Tazeen Quereshy Feb 28, 2022 Kendujhar, Odisha
In a unique approach, healthcare workers in rural Odisha engaged traditional healers – who once branded newborn babies with a hot iron to try and cure illnesses – to curb this harmful practice.
Awareness campaigns run by rural healthcare workers are resulting in the reduction of hot iron branding practice (Photo by Tazeen Qureshy)
Plush greenery, thatched houses and rugged roads. Kundei looks like a typical Odisha village. But despite being in the mineral-rich Kendujhar district, this lush village lags in development.
Kundei has over 1,000 people, including members of the Juang indigenous community. Like many communities in Odisha and elsewhere, the people of Kundei were unaware of good health practices, like babies being delivered in medical institutions and exclusive breastfeeding.
Limited access to healthcare facilities only aggravated this, forcing villagers already riddled with superstitious beliefs, to depend on traditional healers.
One such superstitious belief is the branding of newborn babies with a hot iron to ward off the ‘evil spirit.’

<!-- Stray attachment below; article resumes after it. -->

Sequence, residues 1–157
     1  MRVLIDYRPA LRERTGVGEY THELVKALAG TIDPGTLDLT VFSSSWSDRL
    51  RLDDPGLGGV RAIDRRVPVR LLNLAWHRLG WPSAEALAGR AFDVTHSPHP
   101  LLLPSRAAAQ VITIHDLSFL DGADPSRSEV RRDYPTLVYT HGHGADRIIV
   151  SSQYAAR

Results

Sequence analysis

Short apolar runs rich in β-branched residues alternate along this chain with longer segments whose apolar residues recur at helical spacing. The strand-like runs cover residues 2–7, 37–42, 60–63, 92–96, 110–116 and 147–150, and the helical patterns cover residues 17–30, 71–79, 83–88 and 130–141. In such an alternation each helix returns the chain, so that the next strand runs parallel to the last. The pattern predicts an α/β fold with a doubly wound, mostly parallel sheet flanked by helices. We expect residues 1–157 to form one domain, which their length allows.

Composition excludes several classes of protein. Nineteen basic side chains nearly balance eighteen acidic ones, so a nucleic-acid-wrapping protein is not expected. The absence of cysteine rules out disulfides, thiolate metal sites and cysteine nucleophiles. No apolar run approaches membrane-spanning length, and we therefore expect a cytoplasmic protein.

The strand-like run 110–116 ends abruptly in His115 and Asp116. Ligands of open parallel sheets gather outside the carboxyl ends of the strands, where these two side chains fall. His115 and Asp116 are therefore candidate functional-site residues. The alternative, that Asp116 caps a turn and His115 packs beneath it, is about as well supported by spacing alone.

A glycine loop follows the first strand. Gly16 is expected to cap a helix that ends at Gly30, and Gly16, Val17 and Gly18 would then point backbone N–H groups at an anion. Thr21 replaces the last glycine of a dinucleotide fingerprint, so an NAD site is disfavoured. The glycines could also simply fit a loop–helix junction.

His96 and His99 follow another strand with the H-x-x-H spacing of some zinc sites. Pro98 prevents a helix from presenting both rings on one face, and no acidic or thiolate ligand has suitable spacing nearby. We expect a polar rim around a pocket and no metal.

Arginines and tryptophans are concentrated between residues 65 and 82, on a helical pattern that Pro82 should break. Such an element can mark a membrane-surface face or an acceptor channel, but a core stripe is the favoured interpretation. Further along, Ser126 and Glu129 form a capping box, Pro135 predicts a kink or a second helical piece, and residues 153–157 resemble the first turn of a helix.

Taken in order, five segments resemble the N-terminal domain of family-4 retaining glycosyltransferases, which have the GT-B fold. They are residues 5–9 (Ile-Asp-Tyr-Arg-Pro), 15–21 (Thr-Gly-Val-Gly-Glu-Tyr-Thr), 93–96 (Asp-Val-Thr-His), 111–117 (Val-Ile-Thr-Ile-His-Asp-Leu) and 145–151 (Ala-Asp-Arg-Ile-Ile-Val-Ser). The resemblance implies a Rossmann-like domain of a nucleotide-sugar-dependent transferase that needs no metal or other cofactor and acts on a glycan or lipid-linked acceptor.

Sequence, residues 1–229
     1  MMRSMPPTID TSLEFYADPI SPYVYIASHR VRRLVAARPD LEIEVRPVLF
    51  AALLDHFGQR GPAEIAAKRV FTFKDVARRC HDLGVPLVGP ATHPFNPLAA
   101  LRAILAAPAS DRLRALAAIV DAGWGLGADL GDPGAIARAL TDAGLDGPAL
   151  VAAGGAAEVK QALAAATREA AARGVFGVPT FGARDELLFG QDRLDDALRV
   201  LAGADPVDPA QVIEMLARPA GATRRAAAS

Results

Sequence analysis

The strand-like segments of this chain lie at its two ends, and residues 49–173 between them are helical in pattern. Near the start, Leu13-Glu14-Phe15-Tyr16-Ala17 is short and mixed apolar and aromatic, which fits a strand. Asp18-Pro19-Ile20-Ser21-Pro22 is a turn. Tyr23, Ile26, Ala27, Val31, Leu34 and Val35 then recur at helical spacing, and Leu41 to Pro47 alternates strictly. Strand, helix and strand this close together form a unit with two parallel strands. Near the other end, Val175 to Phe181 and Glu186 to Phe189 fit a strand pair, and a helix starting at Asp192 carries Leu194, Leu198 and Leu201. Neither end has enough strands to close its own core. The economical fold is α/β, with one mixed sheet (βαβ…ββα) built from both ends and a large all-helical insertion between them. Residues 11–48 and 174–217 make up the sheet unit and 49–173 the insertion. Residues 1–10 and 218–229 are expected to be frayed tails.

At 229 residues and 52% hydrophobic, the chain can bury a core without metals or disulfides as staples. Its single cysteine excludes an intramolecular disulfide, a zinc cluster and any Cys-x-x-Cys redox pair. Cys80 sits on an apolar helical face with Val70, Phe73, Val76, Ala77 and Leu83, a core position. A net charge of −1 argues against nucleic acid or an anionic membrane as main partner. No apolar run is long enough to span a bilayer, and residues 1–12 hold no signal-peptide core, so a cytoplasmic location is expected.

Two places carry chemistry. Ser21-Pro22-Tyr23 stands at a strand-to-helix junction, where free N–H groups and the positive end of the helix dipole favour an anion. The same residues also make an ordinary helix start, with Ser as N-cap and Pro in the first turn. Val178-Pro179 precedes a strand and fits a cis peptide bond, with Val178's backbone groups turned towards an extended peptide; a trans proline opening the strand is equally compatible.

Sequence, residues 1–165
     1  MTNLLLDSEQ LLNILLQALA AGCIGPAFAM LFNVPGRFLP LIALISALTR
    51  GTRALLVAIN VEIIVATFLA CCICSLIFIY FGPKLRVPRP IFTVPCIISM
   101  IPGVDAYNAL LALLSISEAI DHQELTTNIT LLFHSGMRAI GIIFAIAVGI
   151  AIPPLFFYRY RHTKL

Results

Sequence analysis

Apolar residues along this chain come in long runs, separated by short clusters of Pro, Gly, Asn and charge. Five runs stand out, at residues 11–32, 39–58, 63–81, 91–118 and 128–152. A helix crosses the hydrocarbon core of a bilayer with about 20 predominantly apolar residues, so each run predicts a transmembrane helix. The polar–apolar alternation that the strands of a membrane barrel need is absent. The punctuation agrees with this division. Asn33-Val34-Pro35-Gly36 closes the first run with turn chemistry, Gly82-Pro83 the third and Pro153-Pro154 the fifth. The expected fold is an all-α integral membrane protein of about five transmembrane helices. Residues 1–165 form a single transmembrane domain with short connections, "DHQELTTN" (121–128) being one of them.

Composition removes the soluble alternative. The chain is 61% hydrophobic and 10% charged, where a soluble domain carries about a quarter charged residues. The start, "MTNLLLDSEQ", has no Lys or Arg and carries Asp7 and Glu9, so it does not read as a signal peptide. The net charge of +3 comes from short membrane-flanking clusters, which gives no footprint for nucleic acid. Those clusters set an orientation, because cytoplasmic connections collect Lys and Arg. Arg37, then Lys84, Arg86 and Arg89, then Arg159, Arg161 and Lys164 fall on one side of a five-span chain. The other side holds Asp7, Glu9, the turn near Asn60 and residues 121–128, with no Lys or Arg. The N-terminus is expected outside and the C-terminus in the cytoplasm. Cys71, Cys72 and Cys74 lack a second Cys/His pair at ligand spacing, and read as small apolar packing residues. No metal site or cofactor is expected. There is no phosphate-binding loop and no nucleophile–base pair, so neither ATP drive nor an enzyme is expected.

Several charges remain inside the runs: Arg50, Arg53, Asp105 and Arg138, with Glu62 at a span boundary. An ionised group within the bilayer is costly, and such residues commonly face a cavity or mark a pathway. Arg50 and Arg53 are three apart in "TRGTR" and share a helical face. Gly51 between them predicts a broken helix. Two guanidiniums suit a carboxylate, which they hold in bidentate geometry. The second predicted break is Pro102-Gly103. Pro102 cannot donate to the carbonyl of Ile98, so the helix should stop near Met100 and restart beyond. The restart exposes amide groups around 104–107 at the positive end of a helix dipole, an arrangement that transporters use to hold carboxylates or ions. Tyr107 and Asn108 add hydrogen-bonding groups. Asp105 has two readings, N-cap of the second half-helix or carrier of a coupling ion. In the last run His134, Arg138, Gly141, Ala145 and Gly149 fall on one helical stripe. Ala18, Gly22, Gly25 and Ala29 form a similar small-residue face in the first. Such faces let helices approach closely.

Hot iron branding to ward off evils and illnesses
The practice, called chenka in local parlance, is usually done from 7 to 21 days after a child is born. Sometimes, the parents wait till they spot the blue vein on the child’s stomach, which they believe is the root cause of a stomach ache called pilhi locally.
“When a child falls sick or the blue vein appears, the community believes the child’s possessed by some spirit,” Sourav Bhattacharjee, nutrition expert with UNICEF told Village Square. “They believe branding the baby’s stomach with hot iron will expel the spirit and protect the child from evil eyes.”
No history, no statistics
There are no records to show exactly when and how the age-old tradition came into practice.
The cases are more rampant during winter, especially during the harvest festival of Makar Sankranti.
Since the practice takes place mostly in remote areas, the cases often elude government officials, making documentation difficult. Incidents usually only come to the fore when a branded child develops a sepsis and is brought to a hospital.
Though the practice is largely limited to infants, there has been hot iron branding among women and men too.
In 2018 over 50 women and children took part in a mass hot iron branding event in the Dhenkanal district. In July last year a 34-year old man died after being branded multiple times for tuberculosis.
The practice is deep-rooted in the indigenous communities’ faith and beliefs, making it difficult for the state to intervene.
Reverse tactic to tackle the issue
But in 2019 Odisha launched the Jiban Sampark project in partnership with UNICEF to empower Particularly Tribal Vulnerable Groups (PTVG). Working with local NGOs, the project set out to halt hot iron branding.
The project used the reverse approach method to stop the tradition. Instead of directly creating awareness among the community, the team approached traditional healers – locally known as bisharis.